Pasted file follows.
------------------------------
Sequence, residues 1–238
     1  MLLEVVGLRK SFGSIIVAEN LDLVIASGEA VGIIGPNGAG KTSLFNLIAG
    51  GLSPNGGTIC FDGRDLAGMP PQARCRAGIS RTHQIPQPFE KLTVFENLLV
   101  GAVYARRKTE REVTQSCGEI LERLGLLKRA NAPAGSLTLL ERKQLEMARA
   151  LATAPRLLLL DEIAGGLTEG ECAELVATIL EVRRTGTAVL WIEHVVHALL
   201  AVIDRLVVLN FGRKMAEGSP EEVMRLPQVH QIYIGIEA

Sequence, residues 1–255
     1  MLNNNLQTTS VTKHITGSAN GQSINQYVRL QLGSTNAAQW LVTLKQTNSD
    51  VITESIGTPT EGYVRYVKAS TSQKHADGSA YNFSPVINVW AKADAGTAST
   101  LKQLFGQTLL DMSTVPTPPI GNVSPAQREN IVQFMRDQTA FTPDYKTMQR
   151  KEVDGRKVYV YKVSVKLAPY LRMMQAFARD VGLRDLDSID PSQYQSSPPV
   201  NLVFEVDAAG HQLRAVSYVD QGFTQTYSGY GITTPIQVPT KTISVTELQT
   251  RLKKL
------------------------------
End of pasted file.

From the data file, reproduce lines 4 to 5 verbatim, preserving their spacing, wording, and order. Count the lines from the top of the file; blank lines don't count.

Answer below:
   101  GAVYARRKTE REVTQSCGEI LERLGLLKRA NAPAGSLTLL ERKQLEMARA
   151  LATAPRLLLL DEIAGGLTEG ECAELVATIL EVRRTGTAVL WIEHVVHALL